Five biggest State of Origin smokies
Queensland Maroons celebrate Billy Slater's try. AAP Image/Paul Miller
Well, it’s starting to get cold outside, but that stench you smell ain’t coming from any wood fire. No that’s the smoke pouring out of the New South Wales selection panel.
By choosing young Manly benchie Jamie ‘I can’t believe it’s not’ Buhrer for their Origin 1 team, Ricky and his buddy Bozo have continued a tradition of trying to pull a swifty on their interstate adversaries with the selection of a smokie.
History shows that some Origin smokies have been more successful than others, but no matter how they go they’re bound to grab a few headlines. Here are five of the smokiest.
5. Phil Bailey
While everyone looks back at a time in their lives that they consider to be their peak, Phil Bailey must look back on 2003 and wonder if he’s been subjected to some Total Recall style memory implantation .
The rich man’s Chris Bailey, Phil Bailey was a toiling second-rower who hit form in 2003 when moved to centre for the Sharks, resulting in Origin and later Australian selection.
Despite most fans asking why Luke Bailey had been named twice, Phil performed his duties like a trusty Holden ute with little fuss and maximum facial stubble, the highlight of which was picking a fight with the usually unflappable Shane Webcke.
Not long afterwards, Bailey disappeared into the representative void, shifting to the ESL a couple of years later. He left behind his brother Chris, to the eternal gratitude of Manly fans.
4. Adam Mogg
In a game where 22 year olds talk about setting an example for immature younger players (no spirits on weeknights, boys), making your Origin debut aged 28 is about as likely as being in the crowd at a Justin Bieber concert at the same age.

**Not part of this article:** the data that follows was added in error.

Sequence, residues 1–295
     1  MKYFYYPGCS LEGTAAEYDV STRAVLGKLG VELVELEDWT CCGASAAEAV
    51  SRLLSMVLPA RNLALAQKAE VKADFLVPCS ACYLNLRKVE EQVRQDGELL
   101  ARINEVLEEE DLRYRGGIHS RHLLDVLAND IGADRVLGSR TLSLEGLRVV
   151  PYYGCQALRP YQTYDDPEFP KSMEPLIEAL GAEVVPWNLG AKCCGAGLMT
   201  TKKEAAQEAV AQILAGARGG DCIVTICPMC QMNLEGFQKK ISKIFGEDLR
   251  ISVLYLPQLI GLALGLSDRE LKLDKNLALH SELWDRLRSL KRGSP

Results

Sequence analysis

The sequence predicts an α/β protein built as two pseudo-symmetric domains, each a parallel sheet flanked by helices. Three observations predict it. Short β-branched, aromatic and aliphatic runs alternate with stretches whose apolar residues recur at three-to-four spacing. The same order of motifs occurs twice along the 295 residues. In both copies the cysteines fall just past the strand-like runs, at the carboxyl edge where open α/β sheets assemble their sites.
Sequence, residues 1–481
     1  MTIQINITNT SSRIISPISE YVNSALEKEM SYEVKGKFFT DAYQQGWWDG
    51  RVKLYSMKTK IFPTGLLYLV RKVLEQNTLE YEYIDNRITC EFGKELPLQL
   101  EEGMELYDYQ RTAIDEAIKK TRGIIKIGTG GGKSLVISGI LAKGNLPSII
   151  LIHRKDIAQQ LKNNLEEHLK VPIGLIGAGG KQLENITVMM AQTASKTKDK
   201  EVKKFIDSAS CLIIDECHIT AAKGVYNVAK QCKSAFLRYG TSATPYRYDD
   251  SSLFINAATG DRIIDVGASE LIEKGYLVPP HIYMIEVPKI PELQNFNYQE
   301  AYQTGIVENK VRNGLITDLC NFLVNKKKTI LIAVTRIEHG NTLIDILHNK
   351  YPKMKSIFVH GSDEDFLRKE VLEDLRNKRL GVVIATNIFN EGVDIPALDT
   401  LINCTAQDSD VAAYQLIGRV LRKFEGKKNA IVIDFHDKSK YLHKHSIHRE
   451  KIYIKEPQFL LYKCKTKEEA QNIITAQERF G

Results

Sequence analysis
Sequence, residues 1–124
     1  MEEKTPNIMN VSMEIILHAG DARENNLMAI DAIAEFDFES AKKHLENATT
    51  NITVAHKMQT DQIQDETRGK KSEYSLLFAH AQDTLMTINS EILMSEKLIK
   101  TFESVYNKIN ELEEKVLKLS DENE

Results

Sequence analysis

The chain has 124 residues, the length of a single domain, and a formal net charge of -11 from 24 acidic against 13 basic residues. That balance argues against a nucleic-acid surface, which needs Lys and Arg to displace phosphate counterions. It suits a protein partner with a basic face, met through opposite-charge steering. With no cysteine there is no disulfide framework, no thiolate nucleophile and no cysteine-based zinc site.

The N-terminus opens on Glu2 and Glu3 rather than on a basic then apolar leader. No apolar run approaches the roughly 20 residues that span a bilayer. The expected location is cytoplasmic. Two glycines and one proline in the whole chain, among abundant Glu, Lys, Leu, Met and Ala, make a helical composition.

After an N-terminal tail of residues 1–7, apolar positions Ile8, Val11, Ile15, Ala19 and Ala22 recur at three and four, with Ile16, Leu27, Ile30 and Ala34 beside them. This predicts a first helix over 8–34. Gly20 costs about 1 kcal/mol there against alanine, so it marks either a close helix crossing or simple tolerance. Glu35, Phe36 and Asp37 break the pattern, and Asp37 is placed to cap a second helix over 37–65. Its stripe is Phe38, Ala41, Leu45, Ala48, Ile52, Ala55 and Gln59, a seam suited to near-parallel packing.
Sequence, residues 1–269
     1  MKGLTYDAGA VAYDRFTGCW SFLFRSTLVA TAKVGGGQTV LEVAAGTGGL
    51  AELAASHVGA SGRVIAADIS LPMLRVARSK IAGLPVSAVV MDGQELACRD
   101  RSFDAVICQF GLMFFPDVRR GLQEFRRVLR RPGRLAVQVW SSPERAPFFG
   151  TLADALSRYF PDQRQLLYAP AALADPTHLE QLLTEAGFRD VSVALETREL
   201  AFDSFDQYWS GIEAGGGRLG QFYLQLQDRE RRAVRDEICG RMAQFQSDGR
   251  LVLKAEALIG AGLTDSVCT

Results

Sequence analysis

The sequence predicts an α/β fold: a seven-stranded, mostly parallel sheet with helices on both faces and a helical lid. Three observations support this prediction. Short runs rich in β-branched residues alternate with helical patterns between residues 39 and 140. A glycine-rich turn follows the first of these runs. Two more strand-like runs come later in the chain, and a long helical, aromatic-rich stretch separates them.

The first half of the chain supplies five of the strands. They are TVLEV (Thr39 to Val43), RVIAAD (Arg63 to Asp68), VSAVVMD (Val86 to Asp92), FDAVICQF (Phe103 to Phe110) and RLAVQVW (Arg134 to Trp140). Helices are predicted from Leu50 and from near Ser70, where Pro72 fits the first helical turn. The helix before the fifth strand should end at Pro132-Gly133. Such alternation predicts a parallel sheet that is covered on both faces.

Needless to say, Mogg’s selection in Game 2 2006 caused outcry, with wails of “Origin is Dead!” (the Queensland media’s version of “Muuuum! They’re cheating!”).
History shows that old man Mogg shuffled over for two tries in that game and one in the decider, which was won by Queensland, who soon after proposed that future series become best of seven.
3. Ben Ikin
If one man’s selection personifies the madness Super League brought on the 1995-97 representative calendar, it’s Ben ‘Believe you me’ Ikin.
Selected as a replacement back for the sticky-taped 1995 Queensland team years before Tim Sheens made it cool, Ikin was a pimply-faced eighteen year old chosen specifically for his ability to double up as the team’s kicking tee boy on match day.
From token selection smokie to seasoned campaigner, then coming full cycle as token Queenslander on Channel Nine’s commentary panel, Ikin managed to linger around rep footy like Chris Close at the Queensland team’s hotel buffet, and can even be credited with inventing the Queensland team victory song. (Which I’m pretty sure even Wayne Bennett mutes.)
2. Ken Nagas
“What?” Says everyone who used to be a Canberra fan. “Nagas was a gun!”
That he was. Nagas’ selection smoke in 1994 comes from the fact that he was a winger selected on the bench… and that he thought he was a Queenslander.
Proving he was years before his time, Nagas played for New South Wales none the less, before Super League interrupted the best years of his rep career and injury forced him to knock back a few AFL offers.
1. Allan Langer
If Langer’s initial Origin selection from the BRL in 1987 was a little unexpected, then seeing him run out for the deciding match in 2001 was like Tony Abbott appearing on an episode of Queer Eye for the Straight Guy.
Depending on whether you call small beer glasses pots or middies, his match-winning return to Origin from the North of England is either something you have immortalised on an overpriced lithograph in your pool room, or find yourself babbling about to your therapist each July.
Suffice to say, short of seeing Carl Webb stretching his glutes at Etihad Stadium next Wednesday, it’s hard to see Alfie’s effort ever being topped.
However I’ve heard if things don’t go to plan, Ricky could be saving something really special for Origin 2…
Follow Chris on Twitter: @Vic_Arious
Chris Chard is a sports humour writer commenting on the often absurd nature of professional sport. A rugby league fan boy with a good blend of youth and experience taking things one week at a time, Chris has written for The Roar, Rugby League Player Magazine, US Sports Downunder, the QRL and People. Tweet him @Vic_Arious
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